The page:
While browsing Facebook on a Friday night it became clear that any nonessential weekend plans would need to be cancelled. Cairngorm Mountain in Aviemore posted a status reporting fresh snowfall and predicting excellent conditions for the days ahead, this was our call to action. A battle plan was quickly drawn up; do the shopping that night, condense two days worth of obligations into the Saturday, then drive up to Aviemore in the evening so that we could attack the the slopes early on Sunday. We went online and found a cheap bed and breakfast with a room available, no going back.
Relatively unheard of outside the British Isles, Scotland has five ski areas: Cairngorm, Glenshee, The Lecht, Glencoe and The Nevis Range. None of them are on the same scale as a typical European resort, and the relatively low altitudes mean that they are far from snow-sure. However, when there is fresh snow, a day up in the highlands can rival any day on the continent. These factors mean that the best way to plan your visit is not to plan at all, those who make a last-minute dash upon hearing about good conditions reap much greater rewards.
After a three hour drive we reached Aviemore, where it was snowing even down at town level. There was so much snow that we struggled to get up the dirt track that led to the b&b. We got an early night, since we knew that if the weather was good then we’d be in for something special. The next morning, the car thermometer read -5 degrees while we de-iced the windows, inside and out. The drive up to the mountain had never been more picturesque, with fir trees guiding the way completely blanketed in snow. After putting on our boots and grabbing our boards we hurried excitedly to the ticket office, but our powder-induced bubble soon burst.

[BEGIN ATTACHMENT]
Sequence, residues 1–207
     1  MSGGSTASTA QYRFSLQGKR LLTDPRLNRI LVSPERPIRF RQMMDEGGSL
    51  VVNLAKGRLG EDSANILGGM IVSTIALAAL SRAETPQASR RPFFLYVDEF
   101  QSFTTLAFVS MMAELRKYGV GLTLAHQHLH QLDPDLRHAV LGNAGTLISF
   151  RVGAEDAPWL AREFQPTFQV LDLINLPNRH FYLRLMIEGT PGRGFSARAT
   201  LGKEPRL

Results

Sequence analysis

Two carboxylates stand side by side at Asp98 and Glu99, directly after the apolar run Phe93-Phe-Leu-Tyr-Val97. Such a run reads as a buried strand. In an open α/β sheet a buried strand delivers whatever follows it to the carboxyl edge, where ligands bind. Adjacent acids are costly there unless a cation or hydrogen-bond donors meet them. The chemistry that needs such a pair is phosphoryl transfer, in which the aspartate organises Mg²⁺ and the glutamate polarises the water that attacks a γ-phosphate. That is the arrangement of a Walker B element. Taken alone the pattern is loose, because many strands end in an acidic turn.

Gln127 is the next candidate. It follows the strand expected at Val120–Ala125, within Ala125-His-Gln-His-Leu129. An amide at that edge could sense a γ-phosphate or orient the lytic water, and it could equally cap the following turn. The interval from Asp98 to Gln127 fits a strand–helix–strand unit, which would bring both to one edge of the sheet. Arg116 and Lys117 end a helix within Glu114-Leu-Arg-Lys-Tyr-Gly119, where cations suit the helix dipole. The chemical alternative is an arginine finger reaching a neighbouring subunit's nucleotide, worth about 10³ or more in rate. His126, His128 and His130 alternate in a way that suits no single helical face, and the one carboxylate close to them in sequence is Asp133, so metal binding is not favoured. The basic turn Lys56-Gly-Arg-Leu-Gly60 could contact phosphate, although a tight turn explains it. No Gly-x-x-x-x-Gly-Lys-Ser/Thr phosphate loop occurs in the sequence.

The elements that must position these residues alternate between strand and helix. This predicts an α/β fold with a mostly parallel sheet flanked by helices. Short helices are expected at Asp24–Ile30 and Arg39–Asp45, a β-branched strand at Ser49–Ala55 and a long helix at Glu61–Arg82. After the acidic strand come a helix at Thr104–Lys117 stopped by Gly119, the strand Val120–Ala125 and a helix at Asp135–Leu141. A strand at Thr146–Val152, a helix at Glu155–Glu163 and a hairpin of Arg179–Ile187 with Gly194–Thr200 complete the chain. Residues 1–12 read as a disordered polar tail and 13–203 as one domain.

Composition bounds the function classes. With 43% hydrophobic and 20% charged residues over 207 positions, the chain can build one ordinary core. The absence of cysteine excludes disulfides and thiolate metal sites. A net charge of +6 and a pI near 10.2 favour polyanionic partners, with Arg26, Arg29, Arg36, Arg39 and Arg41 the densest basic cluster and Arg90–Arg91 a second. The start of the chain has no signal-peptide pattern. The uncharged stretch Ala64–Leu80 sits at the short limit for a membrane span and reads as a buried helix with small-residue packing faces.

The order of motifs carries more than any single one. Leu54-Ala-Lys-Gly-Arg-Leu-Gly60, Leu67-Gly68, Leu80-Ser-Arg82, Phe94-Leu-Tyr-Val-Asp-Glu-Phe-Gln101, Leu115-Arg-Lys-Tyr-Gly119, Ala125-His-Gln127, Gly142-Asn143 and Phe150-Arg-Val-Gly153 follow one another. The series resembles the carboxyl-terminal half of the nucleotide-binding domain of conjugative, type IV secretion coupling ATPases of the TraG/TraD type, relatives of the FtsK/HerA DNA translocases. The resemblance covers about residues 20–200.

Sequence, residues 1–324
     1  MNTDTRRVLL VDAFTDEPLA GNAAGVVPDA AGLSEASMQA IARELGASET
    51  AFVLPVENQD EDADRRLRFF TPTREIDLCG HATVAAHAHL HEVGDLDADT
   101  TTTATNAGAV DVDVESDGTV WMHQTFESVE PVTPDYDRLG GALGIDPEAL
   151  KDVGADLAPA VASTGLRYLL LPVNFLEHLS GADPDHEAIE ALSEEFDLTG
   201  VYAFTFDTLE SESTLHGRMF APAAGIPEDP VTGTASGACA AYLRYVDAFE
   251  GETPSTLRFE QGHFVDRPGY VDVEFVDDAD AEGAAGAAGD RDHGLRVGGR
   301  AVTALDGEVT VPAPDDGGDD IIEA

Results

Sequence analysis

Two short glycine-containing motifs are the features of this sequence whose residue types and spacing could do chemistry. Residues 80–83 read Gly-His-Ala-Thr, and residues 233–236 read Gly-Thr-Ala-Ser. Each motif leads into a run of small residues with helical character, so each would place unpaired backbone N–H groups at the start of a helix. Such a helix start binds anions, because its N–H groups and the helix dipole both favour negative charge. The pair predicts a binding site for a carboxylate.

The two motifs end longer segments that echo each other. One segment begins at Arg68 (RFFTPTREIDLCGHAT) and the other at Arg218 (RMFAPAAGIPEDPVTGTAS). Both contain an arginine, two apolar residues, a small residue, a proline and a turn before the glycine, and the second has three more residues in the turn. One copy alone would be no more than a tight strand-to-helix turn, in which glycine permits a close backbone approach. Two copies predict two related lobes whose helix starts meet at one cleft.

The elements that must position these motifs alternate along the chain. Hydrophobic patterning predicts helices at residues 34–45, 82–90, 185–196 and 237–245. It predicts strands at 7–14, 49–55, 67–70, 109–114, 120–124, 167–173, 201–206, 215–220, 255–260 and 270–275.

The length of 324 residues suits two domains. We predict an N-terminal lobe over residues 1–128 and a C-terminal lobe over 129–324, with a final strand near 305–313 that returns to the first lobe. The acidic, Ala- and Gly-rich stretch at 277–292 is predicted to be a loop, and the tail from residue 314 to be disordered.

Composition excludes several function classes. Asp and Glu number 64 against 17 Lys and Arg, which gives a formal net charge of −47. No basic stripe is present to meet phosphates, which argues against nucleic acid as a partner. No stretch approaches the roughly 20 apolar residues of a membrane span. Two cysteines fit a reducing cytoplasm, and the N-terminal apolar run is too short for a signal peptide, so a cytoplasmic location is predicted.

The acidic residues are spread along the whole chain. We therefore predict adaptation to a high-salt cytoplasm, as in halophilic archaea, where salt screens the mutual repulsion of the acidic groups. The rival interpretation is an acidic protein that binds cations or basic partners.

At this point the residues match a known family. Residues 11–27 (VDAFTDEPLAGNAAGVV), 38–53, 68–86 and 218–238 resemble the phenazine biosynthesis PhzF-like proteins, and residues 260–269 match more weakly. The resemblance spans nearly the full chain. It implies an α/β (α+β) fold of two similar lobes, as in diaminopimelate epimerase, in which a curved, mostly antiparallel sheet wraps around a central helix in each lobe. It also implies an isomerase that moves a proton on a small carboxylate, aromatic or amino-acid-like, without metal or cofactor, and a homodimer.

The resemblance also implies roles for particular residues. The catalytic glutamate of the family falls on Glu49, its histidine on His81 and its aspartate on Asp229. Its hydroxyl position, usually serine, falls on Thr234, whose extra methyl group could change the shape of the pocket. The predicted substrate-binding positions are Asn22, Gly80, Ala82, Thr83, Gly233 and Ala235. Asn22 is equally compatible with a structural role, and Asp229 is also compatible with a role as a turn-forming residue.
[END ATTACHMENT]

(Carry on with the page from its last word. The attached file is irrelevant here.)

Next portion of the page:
It seemed that everyone had the same idea as us, since the queue stretched out of the ticket office and part of the way down the hill. After that agonising wait, it was straight from one queue to another, as we also had to get in line for the funicular up the mountain. When we finally made it up the hill, we spotted a whiteboard with the snow report written on it. Our excitement returned when it read simply “Snow conditions – Awesome.” And they were.
Some of the deepest, driest powder we had ever ridden and not a single cloud in the sky, all with the stunning backdrop of Loch Morlich looking up at us. Even towards the end of the day we were finding fresh lines and finding ourselves knee deep in snow. We could have been anywhere in the world, but we were less than 200 miles from home. It was a day that showcased the very best of Scottish snowsports, and one that proved that a powder day is a powder day.